Why I Can’t Stop Buying Shares of This Magnificent High-Yield Stock in My RRSP

I’ve been buying shares in Toronto-Dominion Bank (TSX:TD) because it got beaten down on bad but ultimately survivable news.

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I haven’t been buying that many stocks these days. With the markets being fairly expensive, I’ve been putting more money in GICs. However, there is one stock I’ve been buying in my RRSP, because it got beaten down and could recover easily. In this article, I will explore this magnificent stock in detail and share why it’s an intriguing opportunity for risk-tolerant investors.

TD Bank

The Toronto-Dominion Bank (TSX:TD) is a high-yield Canadian bank that has been beaten down due to legal risks. Before going any further, I should say that when I call this stock “magnificent,” I mean primarily for financially savvy investors who are prepared to keep up with the news about the company. There are certain scenarios in which this stock will prove not to have been magnificent at today’s prices. While I consider the probability of these scenarios fairly low, it is definitely not 0%, so making an informed investment in TD Bank requires following the news consistently.

Basically what happened was that employees at some New Jersey TD branches were caught facilitating money laundering. This news broke in 2023, and didn’t have a major impact on TD’s stock price. It did eventually result in TD’s First Horizon deal getting scuttled, but that was taken as a positive: TD offered a very steep price for that bank. Things got out of control when the Wall Street Journal reported that TD’s money laundering issues pertained to fentanyl dealing. The potential for public outcry directed at TD seemed very real when the WSJ story broke.

So far, TD has booked $450 million for fines related to the money laundering investigation. Experts believe it will ultimately pay out over $2 billion if other investigations find TD culpable of wrongdoing. All considered, $2 billion in total fines wouldn’t be the end of the world for TD. However, if news reports caused mass public outcry, that could trigger loud demands for more/larger fines. If total fines went over $10 billion, then TD stock would be down for a long time.

Why I’m buying

I’m buying TD stock because it is rather cheap and worth the investment if the fines do not go beyond $2 billion. The stock trades at 10 times earnings today. If the total fines paid are only $2 billion, and they’re all paid in a year, then the “forward” P/E ratio (holding all else constant) is 12.5. That is merely a typical bank stock valuation. Also, many financial sub-sectors (especially investment banking) are performing well this year. TD just finished buying U.S. investment bank Cowen, so it stands to gain from the trends in the industry. Most likely “all else” won’t be constant: revenue will rise. So TD is valued basically on par with its peers using the P/E valuation method in a “$2 billion fine” scenario.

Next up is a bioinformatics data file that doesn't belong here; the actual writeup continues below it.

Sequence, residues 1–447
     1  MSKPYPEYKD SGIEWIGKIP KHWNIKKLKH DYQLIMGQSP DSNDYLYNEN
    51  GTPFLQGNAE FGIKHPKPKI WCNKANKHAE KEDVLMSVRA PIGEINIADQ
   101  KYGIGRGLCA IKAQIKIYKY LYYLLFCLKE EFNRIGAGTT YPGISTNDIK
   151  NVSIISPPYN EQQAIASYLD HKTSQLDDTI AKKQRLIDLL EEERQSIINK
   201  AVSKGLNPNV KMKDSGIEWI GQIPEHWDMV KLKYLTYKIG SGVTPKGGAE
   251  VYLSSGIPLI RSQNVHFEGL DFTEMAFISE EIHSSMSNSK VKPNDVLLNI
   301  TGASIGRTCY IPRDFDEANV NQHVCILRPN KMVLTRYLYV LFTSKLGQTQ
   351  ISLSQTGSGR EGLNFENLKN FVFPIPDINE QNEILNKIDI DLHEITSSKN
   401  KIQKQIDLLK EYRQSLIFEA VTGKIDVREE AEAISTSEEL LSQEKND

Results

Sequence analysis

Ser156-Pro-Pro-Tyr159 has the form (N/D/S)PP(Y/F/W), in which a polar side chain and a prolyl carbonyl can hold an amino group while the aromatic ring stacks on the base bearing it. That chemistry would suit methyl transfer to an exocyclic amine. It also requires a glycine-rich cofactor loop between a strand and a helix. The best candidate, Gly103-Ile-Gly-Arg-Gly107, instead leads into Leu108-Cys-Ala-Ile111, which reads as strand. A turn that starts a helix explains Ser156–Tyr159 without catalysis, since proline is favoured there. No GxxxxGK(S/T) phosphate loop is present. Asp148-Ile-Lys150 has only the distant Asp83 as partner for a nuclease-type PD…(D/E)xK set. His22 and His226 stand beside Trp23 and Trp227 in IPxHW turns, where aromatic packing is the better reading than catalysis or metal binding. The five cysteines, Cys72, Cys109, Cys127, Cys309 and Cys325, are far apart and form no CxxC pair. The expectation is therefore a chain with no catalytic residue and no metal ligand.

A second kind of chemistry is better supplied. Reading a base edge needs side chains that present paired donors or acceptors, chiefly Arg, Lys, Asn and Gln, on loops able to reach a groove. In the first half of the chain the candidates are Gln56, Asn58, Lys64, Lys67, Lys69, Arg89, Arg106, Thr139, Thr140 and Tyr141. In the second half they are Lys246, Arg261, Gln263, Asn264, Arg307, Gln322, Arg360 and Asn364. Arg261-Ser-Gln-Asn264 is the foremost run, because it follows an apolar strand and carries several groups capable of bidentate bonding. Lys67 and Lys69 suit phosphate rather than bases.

However, one flaw with the P/E ratio is that it doesn’t account for multiple years of future earnings. A $2 billion reduction in TD’s future profits does not change the discounted cash flow valuation of the stock much. So, TD is in fact cheaper than other banks if we assume that the “worst-case scenario” does not play out.

The trouble of course is that the worst-case scenario could play out. If the U.S. media “goes hard” after TD, it could stoke public outcry leading to more investigations. So if you invest in TD, you need to follow the news about the investigation. There is a low but not zero probability scenario in which bad publicity tanks the stock.

Bonus: [PREMIUM ANALYSIS FROM STOCK ADVISOR CANADA]

This article represents the opinion of the writer, who may disagree with the “official” recommendation position of a Motley Fool premium service or advisor. We’re Motley! Questioning an investing thesis — even one of our own — helps us all think critically about investing and make decisions that help us become smarter, happier, and richer, so we sometimes publish articles that may not be in line with recommendations, rankings or other content.

Fool contributor Andrew Button has positions in Toronto-Dominion Bank. The Motley Fool has no position in any of the stocks mentioned. The Motley Fool has a disclosure policy.

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